Thanks for your detailed reply. I had forgotten about the Longue Pointe power failure. If indeed a transformer arced there, it must have been a big one because the base is located in Hochelaga on the Montréal island, and I had Laval and most of Montréal between it and me. I wish I still had my university schedules, so I could have a better estimate of the time at which I've seen the flashes. But past 22:00h or 23:00h seems at least in the ball park (I remember I came in too late for the 22:00h news). My class was incidentally in downtown Montréal, not very far from the Hilton, but I didn't
see nothing out of the ordinary in the sky when I exited the building.
As for the extend of the light in the sky while I was driving on the North shore, I would say at least 40-45 degrees. Maybe even more: The sky became very bright well above the houses and trees on my left, and very bright even in front of me in the top left portion of the windshield. Very much like a very big lightning strike several kilometres away.
Maybe it was simply a transformer in the area, but every time I've experienced one of these bursting, the emitted light tended to look like a smaller hemisphere, you could almost pinpoint the source.
The light pillar explanation is probably the best one so far (my brother and sister actually saw such phenomenon over Mont-Royal, visible from Ville de Lorraine on a summer day years ago). I wish there was a higher quality version of the picture from La Presse, not scanned from the newspaper page, floating around.
Anyways, it did provoke a lot of chatter the next day on the radio shows, and people saw stuff happening not only from the vicinity of the Hotel, but also from Verdun (I think there are one or two recordings on the net).
Thanks, and again, good job on your very thorough website,
Our reply :
The additional info provided by Mr. LAUZON regarding the location and angular width of the blue flashes, definitely rules out a transformer failure at the Longue Pointe Military Base. A distance of 11 miles would have placed the flashes close to the horizon from where Mr. LAUZON was and not in front of the car (and certainly not "in the top left portion of the windshield"). Also, their angular width would have covered only a couple of degrees of the sky, not "at least 40-45 degrees".
Unfortunately, the very nature of the sighting (short duration, diffuse shape, incident dating back to 1990) makes it impossible to properly evaluate this report. Whether or not the blue flashes were in any way related to what was seen in other parts of the region that night is uncertain. Perhaps an unusually high reflectivity of the clouds (billions of snow or ice crystals falling down with their longer axis horizontally) caused poorly shielded lights in and around the city of Montreal to reflect brightly off of the clouds. The light sources responsible for these atmospheric reflections can be numerous (badly shielded spotlights illuminating sport fields and buildings, outdoor welding activities, headlights of cars driving uphill, etc…).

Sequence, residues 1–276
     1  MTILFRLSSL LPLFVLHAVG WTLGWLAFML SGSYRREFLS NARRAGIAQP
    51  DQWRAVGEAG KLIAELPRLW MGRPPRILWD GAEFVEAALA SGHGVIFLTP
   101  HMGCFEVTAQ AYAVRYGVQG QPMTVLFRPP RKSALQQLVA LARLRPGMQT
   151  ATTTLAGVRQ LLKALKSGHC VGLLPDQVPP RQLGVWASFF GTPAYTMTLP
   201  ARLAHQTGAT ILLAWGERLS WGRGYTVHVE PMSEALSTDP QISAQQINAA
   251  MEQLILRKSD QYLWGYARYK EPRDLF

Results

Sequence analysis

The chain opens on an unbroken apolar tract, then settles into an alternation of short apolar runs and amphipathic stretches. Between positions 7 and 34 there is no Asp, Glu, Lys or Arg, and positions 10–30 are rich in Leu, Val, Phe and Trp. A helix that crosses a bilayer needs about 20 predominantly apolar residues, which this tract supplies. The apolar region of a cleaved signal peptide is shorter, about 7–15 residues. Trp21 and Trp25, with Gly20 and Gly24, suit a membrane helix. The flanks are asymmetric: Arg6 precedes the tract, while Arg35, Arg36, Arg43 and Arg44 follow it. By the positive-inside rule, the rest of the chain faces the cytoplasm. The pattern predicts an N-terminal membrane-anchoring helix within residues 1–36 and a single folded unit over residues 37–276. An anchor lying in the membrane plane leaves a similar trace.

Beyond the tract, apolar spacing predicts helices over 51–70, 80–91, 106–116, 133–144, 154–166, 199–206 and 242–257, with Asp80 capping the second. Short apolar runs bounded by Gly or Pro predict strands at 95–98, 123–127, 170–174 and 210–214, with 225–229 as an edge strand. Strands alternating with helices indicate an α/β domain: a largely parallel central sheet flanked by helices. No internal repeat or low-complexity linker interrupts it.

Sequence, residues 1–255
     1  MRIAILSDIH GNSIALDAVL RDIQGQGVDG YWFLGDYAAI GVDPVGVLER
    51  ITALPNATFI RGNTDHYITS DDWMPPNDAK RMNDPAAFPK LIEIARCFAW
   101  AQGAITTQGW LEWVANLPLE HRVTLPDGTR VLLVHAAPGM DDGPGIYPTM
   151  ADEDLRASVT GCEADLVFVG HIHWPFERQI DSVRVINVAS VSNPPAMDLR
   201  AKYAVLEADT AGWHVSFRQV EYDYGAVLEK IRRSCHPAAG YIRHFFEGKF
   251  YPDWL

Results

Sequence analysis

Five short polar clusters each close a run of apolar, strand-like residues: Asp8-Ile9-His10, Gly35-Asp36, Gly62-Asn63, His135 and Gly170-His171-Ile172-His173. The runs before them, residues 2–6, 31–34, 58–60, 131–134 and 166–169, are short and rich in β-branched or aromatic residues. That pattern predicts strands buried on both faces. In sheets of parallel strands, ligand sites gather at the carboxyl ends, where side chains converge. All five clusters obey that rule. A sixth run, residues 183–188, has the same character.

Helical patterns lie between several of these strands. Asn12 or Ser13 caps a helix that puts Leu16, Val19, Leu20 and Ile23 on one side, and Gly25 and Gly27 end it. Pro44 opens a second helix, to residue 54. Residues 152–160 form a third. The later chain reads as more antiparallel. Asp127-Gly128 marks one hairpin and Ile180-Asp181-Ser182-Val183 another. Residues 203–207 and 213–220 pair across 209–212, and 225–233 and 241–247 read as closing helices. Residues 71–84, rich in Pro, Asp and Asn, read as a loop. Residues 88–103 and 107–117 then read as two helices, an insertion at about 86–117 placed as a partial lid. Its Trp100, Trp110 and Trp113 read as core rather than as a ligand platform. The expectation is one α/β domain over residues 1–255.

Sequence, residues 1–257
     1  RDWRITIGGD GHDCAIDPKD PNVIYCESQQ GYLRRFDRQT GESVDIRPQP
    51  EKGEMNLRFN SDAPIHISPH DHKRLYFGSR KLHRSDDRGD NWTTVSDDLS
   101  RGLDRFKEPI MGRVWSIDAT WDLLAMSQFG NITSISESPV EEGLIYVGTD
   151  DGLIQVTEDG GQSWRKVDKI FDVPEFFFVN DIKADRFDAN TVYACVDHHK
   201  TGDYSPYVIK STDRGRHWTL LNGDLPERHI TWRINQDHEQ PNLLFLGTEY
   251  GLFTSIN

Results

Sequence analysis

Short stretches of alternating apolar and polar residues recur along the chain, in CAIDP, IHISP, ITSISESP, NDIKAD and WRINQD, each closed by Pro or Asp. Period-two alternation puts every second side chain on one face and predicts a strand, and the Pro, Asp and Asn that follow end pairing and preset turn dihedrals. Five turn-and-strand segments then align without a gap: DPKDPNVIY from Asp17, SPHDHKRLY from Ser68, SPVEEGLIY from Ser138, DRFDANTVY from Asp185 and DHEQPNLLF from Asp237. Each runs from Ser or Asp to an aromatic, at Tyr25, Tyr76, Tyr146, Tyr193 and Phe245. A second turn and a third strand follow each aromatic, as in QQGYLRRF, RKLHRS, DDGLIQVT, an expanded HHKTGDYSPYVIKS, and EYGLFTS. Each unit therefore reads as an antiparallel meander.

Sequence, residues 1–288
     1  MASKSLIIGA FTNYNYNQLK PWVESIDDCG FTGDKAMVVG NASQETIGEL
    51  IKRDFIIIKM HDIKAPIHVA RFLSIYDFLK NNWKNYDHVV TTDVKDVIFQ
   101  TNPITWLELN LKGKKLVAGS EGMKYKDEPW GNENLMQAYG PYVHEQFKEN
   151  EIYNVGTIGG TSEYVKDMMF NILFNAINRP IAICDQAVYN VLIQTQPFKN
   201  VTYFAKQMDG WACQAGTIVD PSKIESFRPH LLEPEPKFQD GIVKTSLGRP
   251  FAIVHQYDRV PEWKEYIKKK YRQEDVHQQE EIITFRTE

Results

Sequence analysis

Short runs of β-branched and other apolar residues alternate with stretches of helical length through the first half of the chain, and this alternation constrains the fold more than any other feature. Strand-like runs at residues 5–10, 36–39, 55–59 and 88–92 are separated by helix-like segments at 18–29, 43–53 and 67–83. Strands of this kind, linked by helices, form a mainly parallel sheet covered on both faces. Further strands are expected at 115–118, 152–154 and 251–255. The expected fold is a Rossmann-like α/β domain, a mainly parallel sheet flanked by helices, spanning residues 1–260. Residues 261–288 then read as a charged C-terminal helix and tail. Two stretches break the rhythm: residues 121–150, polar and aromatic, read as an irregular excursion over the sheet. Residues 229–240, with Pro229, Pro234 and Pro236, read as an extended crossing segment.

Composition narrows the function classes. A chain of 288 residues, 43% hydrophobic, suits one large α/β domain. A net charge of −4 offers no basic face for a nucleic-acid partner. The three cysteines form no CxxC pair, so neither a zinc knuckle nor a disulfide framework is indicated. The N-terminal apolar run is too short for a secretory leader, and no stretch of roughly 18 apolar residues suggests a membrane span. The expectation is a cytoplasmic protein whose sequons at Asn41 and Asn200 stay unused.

Although HAINES & GUENETTE mention that none of the people they contacted at the Longue Pointe base had noticed anything unusual in the sky on November 7th, the authors do mention that a 31 year old witness, Mr. Pierre CAUMARTIN, saw some "very odd lights" near Longue Pointe that night. While driving home from work between 10:30 and 11:00 p.m., Mr. CAUMARTIN noticed what he described as "a strange luminous object in a boomerang shape" with "very big and strong" lights flying towards then hovering near the Hydro Québec, Longue Pointe power station (p. 5 of the HAINES & GUENETTE report). The witness made two sketches of the phenomenon:
Mr. CAUMARTIN’s sketch of the unusual "object" he spotted near the Longue Pointe power station. First when driving toward the station (left); then as seen while it hovered over the station.
The report states that the total sighting duration was 10 to 15 minutes but it is not mentioned how the phenomenon disappeared.
Power stations usually have a great number of spotlights illuminating the surroundings and perhaps their light was being reflected back to the ground by airborne snow or ice crystals. The eastward movement of the lights during the first phase of the sighting (i.e. when Mr. CAUMARTIN was driving in the direction of Longue Pointe), followed by a stand-still near the power station at the same moment the witness stopped his car, makes one wonder if the reported manoeuvres were not merely an illusion due to the witness observing the phenomenon from a moving vehicle (much like a distant, "stationary" light source such as the Moon appears to be travelling alongside your car when you watch it through the side window of the vehicle). Unfortunately, the HAINES & GUENETTE report contains not enough details that enable us to confirm or reject this possibility.
A typical feature of the November 7 phenomena is that almost all the witnesses reported seeing stationary lights in the night sky in close proximity to places where there were spotlights (be it the swimming pool at the Bonaventure Hotel, the electrical power station at Longue Pointe or the Olympic Stadium). Moreover, all witnesses described these lights as hovering in or close to the cloud base. We think that these circumstances in themselves are indicative of a weather related optical phenomenon rather than of a material contraption with lamps attached to it.